Local law enforcement officials were challenged Tuesday night at a community forum by an audience demanding greater accountability, more diversity in the police force and a better understanding of the difficulties faced by communities of color, joining a national and divisive conversation on race relations.
The forum, hosted by City Council member Myrtle Cole, was intended as an open dialogue to promote understanding and healing after a national series of deadly altercations between police and black men.
San Diego Police Chief Shelley Zimmerman, who was one of several panelists at the forum, said the local police department has maintained a trust with residents that does not exist elsewhere, one she credited to the use of body-worn cameras, community training for officers and a diverse police force.
But many of the more than 200 audience members, the majority of whom were black, called on police and city officials to address and acknowledge issues they said have long divided blacks and law enforcement, such as racial profiling and use of excessive force.
Armand King, born and raised in San Diego, alleged he's been racially profiled by police all his life, being mistakenly identified as a gang member on some occasions.
"(The problem) is not just in Ferguson, it's right here in sunny San Diego. Those in La Jolla might not feel it, those in Mission Bay, Serra Mesa and Clairemont, they might not feel it, but in this area, we feel it," he said. "We're pulled over for no reason."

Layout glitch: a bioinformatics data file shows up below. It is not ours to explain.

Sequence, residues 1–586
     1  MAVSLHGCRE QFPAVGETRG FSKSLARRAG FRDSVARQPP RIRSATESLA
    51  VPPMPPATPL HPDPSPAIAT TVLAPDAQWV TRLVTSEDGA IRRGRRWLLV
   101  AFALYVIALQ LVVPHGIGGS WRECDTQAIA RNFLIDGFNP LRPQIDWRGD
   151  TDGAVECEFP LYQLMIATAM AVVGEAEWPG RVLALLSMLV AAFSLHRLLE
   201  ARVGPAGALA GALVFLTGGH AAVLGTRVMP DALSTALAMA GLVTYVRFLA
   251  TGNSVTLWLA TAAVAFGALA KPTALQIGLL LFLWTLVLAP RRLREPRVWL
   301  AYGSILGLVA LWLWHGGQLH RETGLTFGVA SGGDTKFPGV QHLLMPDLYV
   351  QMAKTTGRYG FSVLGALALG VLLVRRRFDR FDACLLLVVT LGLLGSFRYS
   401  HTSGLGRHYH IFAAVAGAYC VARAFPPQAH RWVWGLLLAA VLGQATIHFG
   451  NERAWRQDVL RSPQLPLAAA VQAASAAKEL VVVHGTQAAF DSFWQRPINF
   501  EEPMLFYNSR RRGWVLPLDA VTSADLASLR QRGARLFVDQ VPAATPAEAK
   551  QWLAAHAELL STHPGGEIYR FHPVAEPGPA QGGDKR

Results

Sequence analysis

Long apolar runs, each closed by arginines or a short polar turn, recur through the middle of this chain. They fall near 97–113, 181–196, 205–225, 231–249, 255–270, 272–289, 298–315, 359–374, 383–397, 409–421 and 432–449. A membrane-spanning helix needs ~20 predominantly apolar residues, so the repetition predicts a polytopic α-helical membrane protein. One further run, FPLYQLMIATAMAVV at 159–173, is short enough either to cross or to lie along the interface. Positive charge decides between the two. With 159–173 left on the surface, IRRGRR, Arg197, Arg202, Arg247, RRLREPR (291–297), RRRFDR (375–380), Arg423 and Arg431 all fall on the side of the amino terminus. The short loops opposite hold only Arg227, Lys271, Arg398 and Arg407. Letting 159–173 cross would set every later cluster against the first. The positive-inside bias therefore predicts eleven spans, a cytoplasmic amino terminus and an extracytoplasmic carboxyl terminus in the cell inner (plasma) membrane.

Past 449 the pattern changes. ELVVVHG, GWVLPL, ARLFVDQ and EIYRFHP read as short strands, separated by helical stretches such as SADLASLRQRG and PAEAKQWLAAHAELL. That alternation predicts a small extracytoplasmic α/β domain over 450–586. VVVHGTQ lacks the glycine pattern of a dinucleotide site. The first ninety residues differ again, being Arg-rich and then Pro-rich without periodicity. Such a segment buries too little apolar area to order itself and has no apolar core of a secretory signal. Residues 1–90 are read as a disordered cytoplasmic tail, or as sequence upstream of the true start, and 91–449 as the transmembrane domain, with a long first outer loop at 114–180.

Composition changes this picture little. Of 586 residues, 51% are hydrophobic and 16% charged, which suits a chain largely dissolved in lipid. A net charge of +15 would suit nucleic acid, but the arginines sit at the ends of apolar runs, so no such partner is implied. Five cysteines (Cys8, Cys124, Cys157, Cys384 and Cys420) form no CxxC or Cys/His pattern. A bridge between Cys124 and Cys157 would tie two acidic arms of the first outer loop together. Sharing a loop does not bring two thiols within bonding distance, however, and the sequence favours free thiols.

King, 35, said it's not acceptable for law enforcement to "put a Band-aid" over issues affecting the black community.
"There's a root to every problem. So let's look at the root," he said.
Residents also challenged Cole, who hosted the event in her district at the George L. Stevens Senior Center, 570 S. 65th St. Cole, an African American and former police officer, said she's been "overwhelmed by the loss of life this country has experienced."
"I wanted to let my community know that I hear you," she said. "But I also know what it feels like to go into a dangerous situation (as a police officer)."
Tensions between police and minority communities have escalated in recent weeks after the shootings of Alton Sterling in Louisiana and Philando Castile in Minnesota. Their deaths were captured on video, sparking nationwide protests and fueling the Black Lives Matter movement.
On July 7, a sniper gunned down several police officers during a protest in downtown Dallas, leaving five of them dead and several others injured. Authorities said the gunman, a military veteran identified as Micah Xavier Johnson, set out to kill white officers.
Then, on Sunday, a gunman identified as Gavin E. Long, fatally shot three officers in Baton Rouge, injuring three others. Both suspects were killed at the scene during shootouts with police.